Coronavirus Hits The Poor Hardest, But The Rich Claim More Emotional Damage
Posted on: 04/01/2020 05:38 PM

'Higher education' has produced an entire class of hyper sensitive narcissists who display a mewling sense of self-victimization reserved for the privileged; i.e. the same class that seeks open borders to the world and lauds the persecution of European American advocates.


Through “trigger warnings,” “safe spaces,” and political correctness, the left-wing education system’s infantilization of the educated and professional classes has paid dividends. The disparate class reactions to the coronavirus crisis and ensuing societal shutdown make this even more obvious.

A new Axios poll surveying the public on the crisis and the impact the coronavirus has had on their lives reveals a stark class-based divide.

The online survey of 1,355 adults found that the lower, lower-middle, and middle classes were much more likely to face adverse employment effects due to the coronavirus than the upper-middle and upper classes. A whopping 15% to 20% of respondents in the lower three class tiers said they had been either furloughed or their company had closed down, while almost all members of the upper class were able to work as normal or adjust and simply work from home.


Absolutely fascinating results from this new @axios poll: pic.twitter.com/67FoetxkHS
— Brad Polumbo (@brad_polumbo) April 1, 2020


“The survey finds Americans with less education and lower incomes far more likely either to have to keep showing up at their workplaces — putting themselves at greater daily risk of infection — or more likely to have seen their work dry up,” Axios reports.


Coronavirus Hits The Poor Hardest, But The Rich Claim More Emotional Damage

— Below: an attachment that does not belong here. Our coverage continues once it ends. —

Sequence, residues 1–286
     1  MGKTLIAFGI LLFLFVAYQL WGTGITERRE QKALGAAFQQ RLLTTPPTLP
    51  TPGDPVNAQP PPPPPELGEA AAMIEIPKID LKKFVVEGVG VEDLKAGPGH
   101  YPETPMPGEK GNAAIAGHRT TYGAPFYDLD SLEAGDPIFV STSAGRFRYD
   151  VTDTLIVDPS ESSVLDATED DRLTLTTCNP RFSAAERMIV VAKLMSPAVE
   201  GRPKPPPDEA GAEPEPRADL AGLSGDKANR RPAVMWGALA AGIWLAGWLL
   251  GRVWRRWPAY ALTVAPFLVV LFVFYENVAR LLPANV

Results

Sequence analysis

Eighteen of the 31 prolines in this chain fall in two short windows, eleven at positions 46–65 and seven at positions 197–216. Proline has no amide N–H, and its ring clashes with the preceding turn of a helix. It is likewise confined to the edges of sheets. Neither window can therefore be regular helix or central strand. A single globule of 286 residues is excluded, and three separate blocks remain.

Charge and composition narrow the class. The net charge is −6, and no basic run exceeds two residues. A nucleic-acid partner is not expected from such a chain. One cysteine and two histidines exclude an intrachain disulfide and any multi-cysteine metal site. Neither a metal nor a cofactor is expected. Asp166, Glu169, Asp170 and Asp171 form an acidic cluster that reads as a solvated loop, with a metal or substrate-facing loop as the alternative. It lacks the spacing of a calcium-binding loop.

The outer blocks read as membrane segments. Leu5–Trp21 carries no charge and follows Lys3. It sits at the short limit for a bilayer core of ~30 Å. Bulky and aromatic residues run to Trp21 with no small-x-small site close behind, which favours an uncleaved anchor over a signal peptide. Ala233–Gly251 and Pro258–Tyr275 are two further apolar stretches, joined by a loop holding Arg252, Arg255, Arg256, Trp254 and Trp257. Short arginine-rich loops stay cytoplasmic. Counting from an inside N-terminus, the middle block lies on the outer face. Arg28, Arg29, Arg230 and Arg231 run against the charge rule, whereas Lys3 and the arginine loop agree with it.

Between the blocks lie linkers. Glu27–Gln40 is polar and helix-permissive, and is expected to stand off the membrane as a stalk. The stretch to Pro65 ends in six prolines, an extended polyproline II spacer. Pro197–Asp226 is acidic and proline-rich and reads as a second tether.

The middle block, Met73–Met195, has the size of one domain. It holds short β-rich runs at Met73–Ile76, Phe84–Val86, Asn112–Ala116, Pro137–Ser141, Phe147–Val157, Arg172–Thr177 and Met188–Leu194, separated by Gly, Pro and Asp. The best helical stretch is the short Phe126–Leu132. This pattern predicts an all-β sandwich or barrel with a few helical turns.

"The rich and affluent have gone virtual,” Ipsos U.S. Public Affairs President Cliff Young told the digital news outlet. “They’ve maintained their jobs through the virtual world. The working and the poor are more exposed."

The wildest part? While the poor and working classes are clearly the ones bearing the biggest economic burden due to this crisis, and in many cases are the most at risk of contracting coronavirus, it’s the rich and upper-middle classes most likely to claim they’ve suffered “emotional harm.”

Poor much more adversely affected re: employment, but upper classes more likely to claim 'emotional harm.'

Coronavirus snowflakery? pic.twitter.com/s0XJFpJiNK
— Brad Polumbo (@brad_polumbo) April 1, 2020


Per the Axios polling, nearly 50% of respondents in the upper-middle and upper classes said their “emotional wellbeing has gotten worse,” while just about 1 in 3 members of the lower three classes surveyed said the same. Yes, that’s right: The hard-working middle and low-income citizens surveyed are, on average, facing much tougher times than their upper-class counterparts, but showing much more emotional resiliency.

I notice this in my own experience. The better off and more secure a person is, the more they complain about mental health and the damage of quarantining. Just a continuation of the self-victimization of the privileged. https://t.co/llAZi1pMdM
— You Should Have Voted For Gary (@colorblindk1d) April 1, 2020


Perhaps the better-off have greater access to information, meaning they’re more likely to watch the panicked, alarmist media coverage of the virus’s every development.

But more crucially, well-off white-collar workers are much more likely to have been through our higher education system. This means many were inevitably subjected to campus environments that place the highest value on “emotional safety,” teaching students they have the right to be free of speech that offends them and that upsetting things can be a threat to people’s very safety. Is it any surprise that the educated class would emerge emotionally fragile as a result?

Of course, it’s not the end of the world that some segments of society are feeling emotionally damaged by the coronavirus. But it doesn’t bode well for our country’s ability to emerge from this pandemic, or deal with future crises, that so many of our most well-off people are proving to be our most emotionally fragile.

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